Thatcher: The game-changer

2013-04-14 14:00

Margaret Thatcher carved out a new space for women in global politics.

This is a truly sad time for Great Britain. As my Prime Minister, David Cameron, said earlier this week, we have lost a great leader, a great prime minister and a great Briton.

She was also our first female prime minister, who succeeded against all the odds.

In the summer of 1970, a week after she had joined the British Cabinet for the first time, she was asked if she fancied a crack at becoming the first female PM.

“No,” Thatcher replied emphatically.

“There will not be a woman prime minister in my lifetime – the male population is too prejudiced.”

She proved herself wrong, and single-handedly carved out a new space for women in politics.

After her third successive electoral victory, I was working for one of her ministers, who then had two small children, both girls.

He told me that one of them once asked him: “Daddy, can men be prime minister too?”

In 1984, I was posted to Mexico City on my first diplomatic appointment. At that time, the UK was widely regarded as the “sick man of Europe”.

By 1987, when I got back to London, Britain under Mrs Thatcher had leapt off its sick bed and had become more dynamic, more entrepreneurial – and more hopeful.

Lady Thatcher changed British politics and public life.

Her belief in freedom, opportunity and human rights shone through.

She famously called herself a conviction – not a consensus – politician.

Margaret Thatcher is, of course, a controversial figure for many South Africans.

As Lord Robin Renwick’s book about his time as high commissioner to South Africa, previewed in a British newspaper last weekend, shows, she believed passionately – rightly or wrongly – in private engagement rather than public ostracism as the best way to bring about fundamental change in South Africa.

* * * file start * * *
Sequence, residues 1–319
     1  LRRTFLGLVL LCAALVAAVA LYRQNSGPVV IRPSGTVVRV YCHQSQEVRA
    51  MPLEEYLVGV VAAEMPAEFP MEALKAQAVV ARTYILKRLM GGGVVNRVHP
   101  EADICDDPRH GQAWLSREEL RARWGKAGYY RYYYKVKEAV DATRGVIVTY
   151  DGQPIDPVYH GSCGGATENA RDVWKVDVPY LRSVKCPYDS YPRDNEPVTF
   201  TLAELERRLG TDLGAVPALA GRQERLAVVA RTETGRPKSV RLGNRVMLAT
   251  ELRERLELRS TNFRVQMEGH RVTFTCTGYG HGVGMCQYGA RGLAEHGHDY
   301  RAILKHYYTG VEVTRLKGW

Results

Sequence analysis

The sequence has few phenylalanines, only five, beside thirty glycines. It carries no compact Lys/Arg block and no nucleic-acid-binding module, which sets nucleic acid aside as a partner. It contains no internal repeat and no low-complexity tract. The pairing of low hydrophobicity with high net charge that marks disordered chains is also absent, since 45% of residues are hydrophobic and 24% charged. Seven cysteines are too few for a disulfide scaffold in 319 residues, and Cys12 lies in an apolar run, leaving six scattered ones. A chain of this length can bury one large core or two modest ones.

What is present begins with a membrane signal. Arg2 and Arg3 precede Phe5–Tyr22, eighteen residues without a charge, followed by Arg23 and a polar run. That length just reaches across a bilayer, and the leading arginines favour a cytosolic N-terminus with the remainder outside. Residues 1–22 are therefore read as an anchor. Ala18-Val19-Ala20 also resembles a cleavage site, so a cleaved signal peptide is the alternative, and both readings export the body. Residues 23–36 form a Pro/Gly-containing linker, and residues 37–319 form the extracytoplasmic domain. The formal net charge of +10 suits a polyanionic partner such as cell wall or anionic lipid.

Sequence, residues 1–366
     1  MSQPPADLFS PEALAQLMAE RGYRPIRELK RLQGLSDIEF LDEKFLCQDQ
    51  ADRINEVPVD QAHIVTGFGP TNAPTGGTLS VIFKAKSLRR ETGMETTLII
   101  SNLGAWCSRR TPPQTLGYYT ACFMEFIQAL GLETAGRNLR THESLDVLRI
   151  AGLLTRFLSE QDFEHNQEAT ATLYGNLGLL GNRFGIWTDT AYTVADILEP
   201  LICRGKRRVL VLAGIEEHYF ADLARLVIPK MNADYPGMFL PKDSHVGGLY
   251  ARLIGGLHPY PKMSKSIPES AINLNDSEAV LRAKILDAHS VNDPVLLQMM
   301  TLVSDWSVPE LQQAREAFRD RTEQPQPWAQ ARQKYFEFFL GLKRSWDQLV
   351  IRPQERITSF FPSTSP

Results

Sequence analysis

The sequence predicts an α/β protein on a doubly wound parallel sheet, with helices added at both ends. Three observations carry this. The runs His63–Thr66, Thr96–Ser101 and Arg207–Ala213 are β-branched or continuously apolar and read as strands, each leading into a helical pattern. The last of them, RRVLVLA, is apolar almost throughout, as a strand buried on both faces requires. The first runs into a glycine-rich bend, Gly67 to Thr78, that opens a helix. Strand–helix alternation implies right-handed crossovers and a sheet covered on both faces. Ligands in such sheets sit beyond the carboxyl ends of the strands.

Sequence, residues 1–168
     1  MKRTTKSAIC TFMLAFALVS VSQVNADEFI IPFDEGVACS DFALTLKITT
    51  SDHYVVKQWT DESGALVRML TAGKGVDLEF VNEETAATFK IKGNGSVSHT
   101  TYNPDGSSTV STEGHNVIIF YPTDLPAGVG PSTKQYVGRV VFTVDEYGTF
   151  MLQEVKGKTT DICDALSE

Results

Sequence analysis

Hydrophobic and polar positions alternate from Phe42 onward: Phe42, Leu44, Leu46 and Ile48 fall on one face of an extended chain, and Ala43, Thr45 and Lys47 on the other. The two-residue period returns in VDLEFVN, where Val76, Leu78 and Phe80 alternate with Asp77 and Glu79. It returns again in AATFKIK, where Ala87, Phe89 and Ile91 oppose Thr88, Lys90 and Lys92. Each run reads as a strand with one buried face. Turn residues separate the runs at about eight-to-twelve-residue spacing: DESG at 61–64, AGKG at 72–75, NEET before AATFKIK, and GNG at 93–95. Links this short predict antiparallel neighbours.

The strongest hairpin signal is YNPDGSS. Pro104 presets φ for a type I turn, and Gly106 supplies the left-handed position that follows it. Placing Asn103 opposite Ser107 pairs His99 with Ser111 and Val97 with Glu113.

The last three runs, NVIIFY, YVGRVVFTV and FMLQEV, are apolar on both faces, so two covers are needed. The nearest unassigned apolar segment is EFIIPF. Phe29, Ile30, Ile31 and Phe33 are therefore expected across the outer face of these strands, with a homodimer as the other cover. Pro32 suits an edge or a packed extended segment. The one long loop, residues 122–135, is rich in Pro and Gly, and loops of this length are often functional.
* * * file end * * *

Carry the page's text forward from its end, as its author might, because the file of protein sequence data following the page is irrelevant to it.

She opposed sanctions against the apartheid government.

Many people in Britain disagreed with her at the time.

But that did not mean she had any sympathy at all for the system of apartheid.

In private, with what Lord Renwick calls “her customary lack of ambiguity”, she made crystal clear the need for change and for the release of Nelson Mandela.

It is ironic that the UK and South Africa still find themselves on different – but opposite – sides when it comes to sanctions.

In a speech to the House of Commons in July 1979, Lady Thatcher said: “The policy of apartheid, with its emphasis on separating peoples rather than bringing them together, and all the harshness required to impose it on the South African population is wholly unacceptable.

“Within South Africa, as in the outside world, there is a growing recognition that change must come. It is in everyone’s interest that change should come without violence.

We must work by fostering contact, not by ostracism.

We must be ready to acknowledge and welcome progress when it is made, even when it may appear slow and inadequate.

We must not drive the South Africans into turning their backs on the world.

“We need to recognise the

immensity and complexity of the problems they face. We must encourage progress in working out solutions to those problems.”

Earlier this week, British Foreign Secretary William Hague gave a moving tribute to her and her legacy. He said: “I think her legacy is that she did give hope to people in this country (Britain). That if people could be freed to use their ingenuity, this country could overcome any difficulty, and she gave hope to people abroad that believing in freedom was worthwhile.”

» ?Brewer is the British high commissioner to South Africa

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